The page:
Point 1: As we all are well aware, in the last decade, our country made great progress in developing new approaches to tackle chronic homelessness. We focused our energies on combining housing and supportive services, which in turn has led to reducing the number of chronically ill long-term homeless by nearly a third. And despite the economic crisis, a recent report by the US Conference of Mayors showed that the number of chronically homeless individuals has remained stable and even declined. As we move forward with the Federal Strategic Plan to Prevent and End Homelessness, we recognize that permanent supported housing for chronically homeless persons offers considerable potential to address both homelessness in general, as well as better use of health resources. The vast majority of chronically homeless persons have a serious mental illness, substance abuse disorder or physical disability. A recent policy paper prepared for HUD Secretary Donovan lists integrating housing and services to deliver permanent supported housing chronically homeless persons as one of its primary recommendations (Penn Institute for Urban Research, University of Pennsylvania).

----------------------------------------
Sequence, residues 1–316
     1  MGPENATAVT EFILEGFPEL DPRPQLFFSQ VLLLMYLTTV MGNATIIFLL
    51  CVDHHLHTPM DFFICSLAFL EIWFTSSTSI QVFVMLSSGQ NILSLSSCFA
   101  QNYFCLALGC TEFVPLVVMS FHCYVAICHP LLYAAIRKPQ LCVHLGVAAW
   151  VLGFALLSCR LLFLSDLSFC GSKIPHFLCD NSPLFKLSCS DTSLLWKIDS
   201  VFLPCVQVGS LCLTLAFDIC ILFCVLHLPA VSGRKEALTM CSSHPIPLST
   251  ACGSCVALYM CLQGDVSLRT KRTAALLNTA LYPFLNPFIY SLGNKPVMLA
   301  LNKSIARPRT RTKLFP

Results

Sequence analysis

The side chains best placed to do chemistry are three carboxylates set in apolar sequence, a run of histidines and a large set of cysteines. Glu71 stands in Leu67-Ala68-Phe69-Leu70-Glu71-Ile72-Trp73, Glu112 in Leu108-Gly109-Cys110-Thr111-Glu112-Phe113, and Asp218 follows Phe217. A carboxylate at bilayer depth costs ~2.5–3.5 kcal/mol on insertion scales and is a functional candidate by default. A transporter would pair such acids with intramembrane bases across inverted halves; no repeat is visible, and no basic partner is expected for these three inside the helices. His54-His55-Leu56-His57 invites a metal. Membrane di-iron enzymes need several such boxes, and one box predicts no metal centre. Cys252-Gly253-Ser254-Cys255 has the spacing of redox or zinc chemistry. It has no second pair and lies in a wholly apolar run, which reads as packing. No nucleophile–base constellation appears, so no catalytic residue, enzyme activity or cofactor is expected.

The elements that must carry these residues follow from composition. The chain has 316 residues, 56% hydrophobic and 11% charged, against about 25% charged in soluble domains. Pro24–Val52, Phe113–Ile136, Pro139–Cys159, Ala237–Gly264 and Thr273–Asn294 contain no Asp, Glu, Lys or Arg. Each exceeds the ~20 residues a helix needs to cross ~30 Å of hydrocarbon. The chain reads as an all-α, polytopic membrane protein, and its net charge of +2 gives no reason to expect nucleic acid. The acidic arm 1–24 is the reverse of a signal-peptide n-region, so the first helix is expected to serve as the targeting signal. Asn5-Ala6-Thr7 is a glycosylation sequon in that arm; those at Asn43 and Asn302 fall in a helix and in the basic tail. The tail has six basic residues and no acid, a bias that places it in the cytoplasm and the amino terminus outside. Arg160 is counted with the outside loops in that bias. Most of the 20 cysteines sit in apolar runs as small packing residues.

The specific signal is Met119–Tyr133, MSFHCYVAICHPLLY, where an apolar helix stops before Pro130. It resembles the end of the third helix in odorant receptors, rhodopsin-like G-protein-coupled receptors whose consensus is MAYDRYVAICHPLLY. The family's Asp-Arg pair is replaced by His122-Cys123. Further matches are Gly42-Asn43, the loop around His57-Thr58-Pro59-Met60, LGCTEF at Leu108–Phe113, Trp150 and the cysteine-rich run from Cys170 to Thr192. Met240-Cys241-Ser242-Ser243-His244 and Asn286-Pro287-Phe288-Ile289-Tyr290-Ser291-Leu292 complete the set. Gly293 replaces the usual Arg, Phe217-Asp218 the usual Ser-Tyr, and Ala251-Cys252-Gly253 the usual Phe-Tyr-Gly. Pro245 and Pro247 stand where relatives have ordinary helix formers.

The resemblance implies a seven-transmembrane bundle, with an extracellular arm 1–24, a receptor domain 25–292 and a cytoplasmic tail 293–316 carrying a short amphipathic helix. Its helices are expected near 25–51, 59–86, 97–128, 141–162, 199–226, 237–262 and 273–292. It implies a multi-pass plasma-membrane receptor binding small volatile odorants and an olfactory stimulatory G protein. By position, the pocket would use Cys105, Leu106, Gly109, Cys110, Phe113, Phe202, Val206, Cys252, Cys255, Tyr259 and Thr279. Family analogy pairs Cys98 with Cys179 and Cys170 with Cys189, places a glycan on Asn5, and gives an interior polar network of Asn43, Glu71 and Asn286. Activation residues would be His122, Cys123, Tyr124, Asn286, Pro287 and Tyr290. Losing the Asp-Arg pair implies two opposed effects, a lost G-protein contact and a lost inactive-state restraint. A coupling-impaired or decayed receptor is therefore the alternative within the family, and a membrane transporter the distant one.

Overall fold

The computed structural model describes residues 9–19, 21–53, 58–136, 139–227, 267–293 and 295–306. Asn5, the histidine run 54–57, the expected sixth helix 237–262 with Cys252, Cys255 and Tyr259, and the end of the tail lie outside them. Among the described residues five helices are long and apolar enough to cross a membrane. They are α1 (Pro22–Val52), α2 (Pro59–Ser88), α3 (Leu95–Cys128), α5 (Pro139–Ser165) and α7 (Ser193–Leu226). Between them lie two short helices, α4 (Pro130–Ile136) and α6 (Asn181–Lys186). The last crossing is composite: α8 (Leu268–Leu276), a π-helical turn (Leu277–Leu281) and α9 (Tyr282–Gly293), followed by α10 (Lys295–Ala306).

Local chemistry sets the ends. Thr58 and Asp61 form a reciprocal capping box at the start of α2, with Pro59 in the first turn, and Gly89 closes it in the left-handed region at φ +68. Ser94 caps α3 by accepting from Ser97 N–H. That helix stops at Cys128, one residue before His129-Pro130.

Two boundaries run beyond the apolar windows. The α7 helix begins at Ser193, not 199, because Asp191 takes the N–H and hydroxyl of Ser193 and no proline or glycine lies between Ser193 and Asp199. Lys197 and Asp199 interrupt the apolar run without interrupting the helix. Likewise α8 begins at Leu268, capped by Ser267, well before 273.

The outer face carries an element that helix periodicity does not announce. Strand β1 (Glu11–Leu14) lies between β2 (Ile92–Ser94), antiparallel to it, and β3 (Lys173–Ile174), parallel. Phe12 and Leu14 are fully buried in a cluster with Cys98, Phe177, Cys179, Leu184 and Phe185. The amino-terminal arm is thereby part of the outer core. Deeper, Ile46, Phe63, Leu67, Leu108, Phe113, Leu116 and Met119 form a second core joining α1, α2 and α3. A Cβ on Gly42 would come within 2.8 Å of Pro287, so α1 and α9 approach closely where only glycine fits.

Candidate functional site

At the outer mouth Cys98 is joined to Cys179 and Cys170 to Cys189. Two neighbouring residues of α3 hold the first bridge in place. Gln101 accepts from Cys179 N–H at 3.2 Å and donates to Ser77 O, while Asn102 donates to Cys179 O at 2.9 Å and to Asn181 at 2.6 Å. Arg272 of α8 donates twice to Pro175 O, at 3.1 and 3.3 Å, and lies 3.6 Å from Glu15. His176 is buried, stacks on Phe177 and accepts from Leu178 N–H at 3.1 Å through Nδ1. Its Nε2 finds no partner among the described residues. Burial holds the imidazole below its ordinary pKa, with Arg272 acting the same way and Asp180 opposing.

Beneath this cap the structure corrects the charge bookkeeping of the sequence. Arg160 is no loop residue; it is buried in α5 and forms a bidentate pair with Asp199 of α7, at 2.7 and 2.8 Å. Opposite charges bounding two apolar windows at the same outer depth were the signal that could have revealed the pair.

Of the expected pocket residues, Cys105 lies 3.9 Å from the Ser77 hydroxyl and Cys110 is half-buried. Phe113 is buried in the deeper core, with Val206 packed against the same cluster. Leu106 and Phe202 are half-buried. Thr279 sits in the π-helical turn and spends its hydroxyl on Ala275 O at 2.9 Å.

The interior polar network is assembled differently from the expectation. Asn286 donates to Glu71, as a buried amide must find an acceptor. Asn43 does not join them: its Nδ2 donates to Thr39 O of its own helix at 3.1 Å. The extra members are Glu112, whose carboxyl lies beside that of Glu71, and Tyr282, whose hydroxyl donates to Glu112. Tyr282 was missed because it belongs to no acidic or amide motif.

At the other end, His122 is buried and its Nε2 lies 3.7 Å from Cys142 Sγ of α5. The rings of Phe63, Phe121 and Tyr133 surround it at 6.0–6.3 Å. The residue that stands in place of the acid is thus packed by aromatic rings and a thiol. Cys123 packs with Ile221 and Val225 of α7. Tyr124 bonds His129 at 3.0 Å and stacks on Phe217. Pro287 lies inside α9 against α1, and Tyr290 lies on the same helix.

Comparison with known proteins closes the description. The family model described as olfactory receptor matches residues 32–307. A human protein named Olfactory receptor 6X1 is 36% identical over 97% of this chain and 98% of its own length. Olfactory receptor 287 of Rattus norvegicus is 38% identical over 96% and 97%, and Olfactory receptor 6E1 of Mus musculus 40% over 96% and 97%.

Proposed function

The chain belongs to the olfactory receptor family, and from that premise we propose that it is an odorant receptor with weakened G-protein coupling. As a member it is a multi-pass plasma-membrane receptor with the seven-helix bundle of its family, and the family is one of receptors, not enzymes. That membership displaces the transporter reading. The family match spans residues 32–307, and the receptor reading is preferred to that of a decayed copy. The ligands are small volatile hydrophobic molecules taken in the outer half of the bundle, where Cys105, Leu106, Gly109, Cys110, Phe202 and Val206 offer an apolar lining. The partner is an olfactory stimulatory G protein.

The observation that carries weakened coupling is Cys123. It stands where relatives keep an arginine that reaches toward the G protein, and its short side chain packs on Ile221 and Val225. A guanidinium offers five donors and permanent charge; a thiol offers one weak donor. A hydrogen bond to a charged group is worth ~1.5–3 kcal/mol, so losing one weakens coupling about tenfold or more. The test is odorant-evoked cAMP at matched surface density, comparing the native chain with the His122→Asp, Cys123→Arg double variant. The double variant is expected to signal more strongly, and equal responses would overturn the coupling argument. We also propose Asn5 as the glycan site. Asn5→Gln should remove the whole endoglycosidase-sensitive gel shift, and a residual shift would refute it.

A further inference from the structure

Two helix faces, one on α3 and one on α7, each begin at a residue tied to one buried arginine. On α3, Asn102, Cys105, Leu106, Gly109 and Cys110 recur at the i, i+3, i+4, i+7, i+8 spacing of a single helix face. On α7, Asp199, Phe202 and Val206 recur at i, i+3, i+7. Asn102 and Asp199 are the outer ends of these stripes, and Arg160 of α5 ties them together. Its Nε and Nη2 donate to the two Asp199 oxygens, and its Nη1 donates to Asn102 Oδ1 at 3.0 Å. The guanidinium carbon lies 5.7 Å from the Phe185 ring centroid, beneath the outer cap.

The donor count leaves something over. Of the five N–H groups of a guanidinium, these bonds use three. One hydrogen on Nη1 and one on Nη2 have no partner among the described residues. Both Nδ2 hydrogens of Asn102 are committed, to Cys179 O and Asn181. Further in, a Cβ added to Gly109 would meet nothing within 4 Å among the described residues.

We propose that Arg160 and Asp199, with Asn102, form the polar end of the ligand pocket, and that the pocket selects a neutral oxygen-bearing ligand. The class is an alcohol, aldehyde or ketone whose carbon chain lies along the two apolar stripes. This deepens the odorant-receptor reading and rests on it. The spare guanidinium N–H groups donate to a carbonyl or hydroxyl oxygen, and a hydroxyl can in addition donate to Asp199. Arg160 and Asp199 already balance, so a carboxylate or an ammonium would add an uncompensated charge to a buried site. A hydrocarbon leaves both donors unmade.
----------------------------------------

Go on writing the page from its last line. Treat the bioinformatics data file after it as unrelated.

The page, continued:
There is extensive support for permanent supported housing as the preferred strategy for addressing chronic homelessness. There are three key research findings that I believe is important for this audience to hear: first, chronically homeless persons constitute a finite and aging population; second, permanent supported housing is effective at promoting residential stability among this population; and third, the cost of providing permanent supported housing can be partially or entirely offset by substantial reductions in the utilization of expensive acute care services such as emergency department visits, inpatient medical or psychiatric hospitalizations, detoxification services, and shelter and jail stays.
An article published two years ago in the Journal of the American Medical Association centered on Seattle's 1811 Eastlake supportive housing project, run by the Downtown Emergency Service Center. The researchers studied 75 of the center's chronically homeless residents - half of whom had serious mental illness and all of whom struggled with alcohol addiction.